I’ve also been meaning to write about another classic from the dawn of cocktails called the “Sidecar”, and this puzzle box has given me the perfect pairing opportunity.  The Sidecar is the fancy, evolved version of a prior original drink, the Brandy Crusta, which was invented in New Orleans in the mid nineteenth century by Joseph Santini.  It was then made famous by the “Professor” Jerry Thomas when he published the recipe in his 1868 cocktail book.  The Crusta elevated the cocktail game, which was typically a mix of spirits, sugar, water (ice) and bitters (i.e. the Old Fashioned), by adding some lemon juice and a sugared rim to a glass of brandy, curacao and bitters.  This was a turning point for cocktails and a leap forward, believe it or not.  If the Crusta was an evolved cocktail, the Sidecar was the refined finale.  Unlike the typical sidecar, which rides alongside the more prominent primary vehicle, the cocktail Sidecar stole the show.  The drink is of course almost identical, but as it came to life in Paris during the American Prohibition, it took on a more elegant and mystical air.  There, at the famous Harry’s New York Bar, it was made with cognac, and sweet orange Cointreau, along with the lemon juice.  The sugared rim acted as more than a flourish, providing an important additional component of sweetness essential to each sip.  The name, so the story goes, was for the Army captain who it was created for, who reportedly arrived to receive the tasty tipple in a motorcycle sidecar.  True story? Who knows.  It’s clear the drink existed as the Crusta long before the Sidecar showed up, but that’s the way the crusta crumbles.

Tantris Sidecar by Audrey Saunders

A classic sidecar would have been just fine for this pairing, but I felt like it needed, well, a little extra.  So I continued following the evolution and refinement of this drink into the current era.  Which brings us to one of the pioneering figures of the modern cocktail revival, a woman named Audrey Saunders.  Her Pegu Club bar set new standards when it opened in New York.  Through her exacting creative process she invented a handful of well known modern classics, including the “Tantris Sidecar”, an innovative and delicious update to the original.  This Sidecar once again improves on the original and takes center stage.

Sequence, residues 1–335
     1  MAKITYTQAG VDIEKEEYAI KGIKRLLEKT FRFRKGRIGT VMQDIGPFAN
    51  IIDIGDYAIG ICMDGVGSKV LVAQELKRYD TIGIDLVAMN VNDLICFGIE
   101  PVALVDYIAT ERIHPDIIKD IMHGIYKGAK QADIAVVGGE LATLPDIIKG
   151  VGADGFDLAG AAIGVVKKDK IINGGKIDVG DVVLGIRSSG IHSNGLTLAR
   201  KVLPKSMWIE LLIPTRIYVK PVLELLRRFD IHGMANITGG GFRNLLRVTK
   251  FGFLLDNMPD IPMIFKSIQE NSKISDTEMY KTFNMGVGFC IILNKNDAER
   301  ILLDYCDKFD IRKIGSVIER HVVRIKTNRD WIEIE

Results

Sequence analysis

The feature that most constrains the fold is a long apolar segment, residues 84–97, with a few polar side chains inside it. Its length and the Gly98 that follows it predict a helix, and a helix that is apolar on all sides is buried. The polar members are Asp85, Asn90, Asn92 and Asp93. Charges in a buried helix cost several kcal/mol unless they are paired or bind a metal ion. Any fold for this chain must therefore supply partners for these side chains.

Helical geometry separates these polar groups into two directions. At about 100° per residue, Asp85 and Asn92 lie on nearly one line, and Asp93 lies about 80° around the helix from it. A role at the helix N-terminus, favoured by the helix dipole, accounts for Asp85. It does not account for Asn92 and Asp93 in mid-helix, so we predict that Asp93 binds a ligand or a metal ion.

Calvados and Chartreuse plus a little pineapple make this sidecar take center stage 

Another apropos aside about the perfect pairing of the Writer’s Block 2 with the Sidecar pertains to the alternate meaning of the term sidecar in libation lingo.  The term was adopted by bartenders who would misjudge the amount of cocktail they were mixing, and have too much for the glass.  The extra would be poured into a shot glass and served alongside the main drink as a little bonus, a sidecar.  Some even suspect that this term is truly how the Sidecar cocktail got its name, too.  How perfect that the Writer’s Block 2, a true sidecar of a puzzle box, contains a set of shot glasses, just in case there’s a little extra liquid inspiration overflowing from the original box.  Here’s to the little extras in life – cheers!

These Sidecars are the main attraction

Tantris Sidecar by Audrey Saunders

1 ¼ oz. Cognac
½ oz. calvados
½ oz. Cointreau
½ oz. fresh lemon juice
½ oz. simple syrup (1:1)
¼ oz. pineapple juice
¼ oz. green Chartreuse

Shake ingredients together with ice and strain into a sugar rimmed glass. Lemon peel garnish is traditional.  Make extra and add a little sidecar to your sidecar.

For more about Tracy Clemons:

For another Audrey Saunders modern classic cocktail: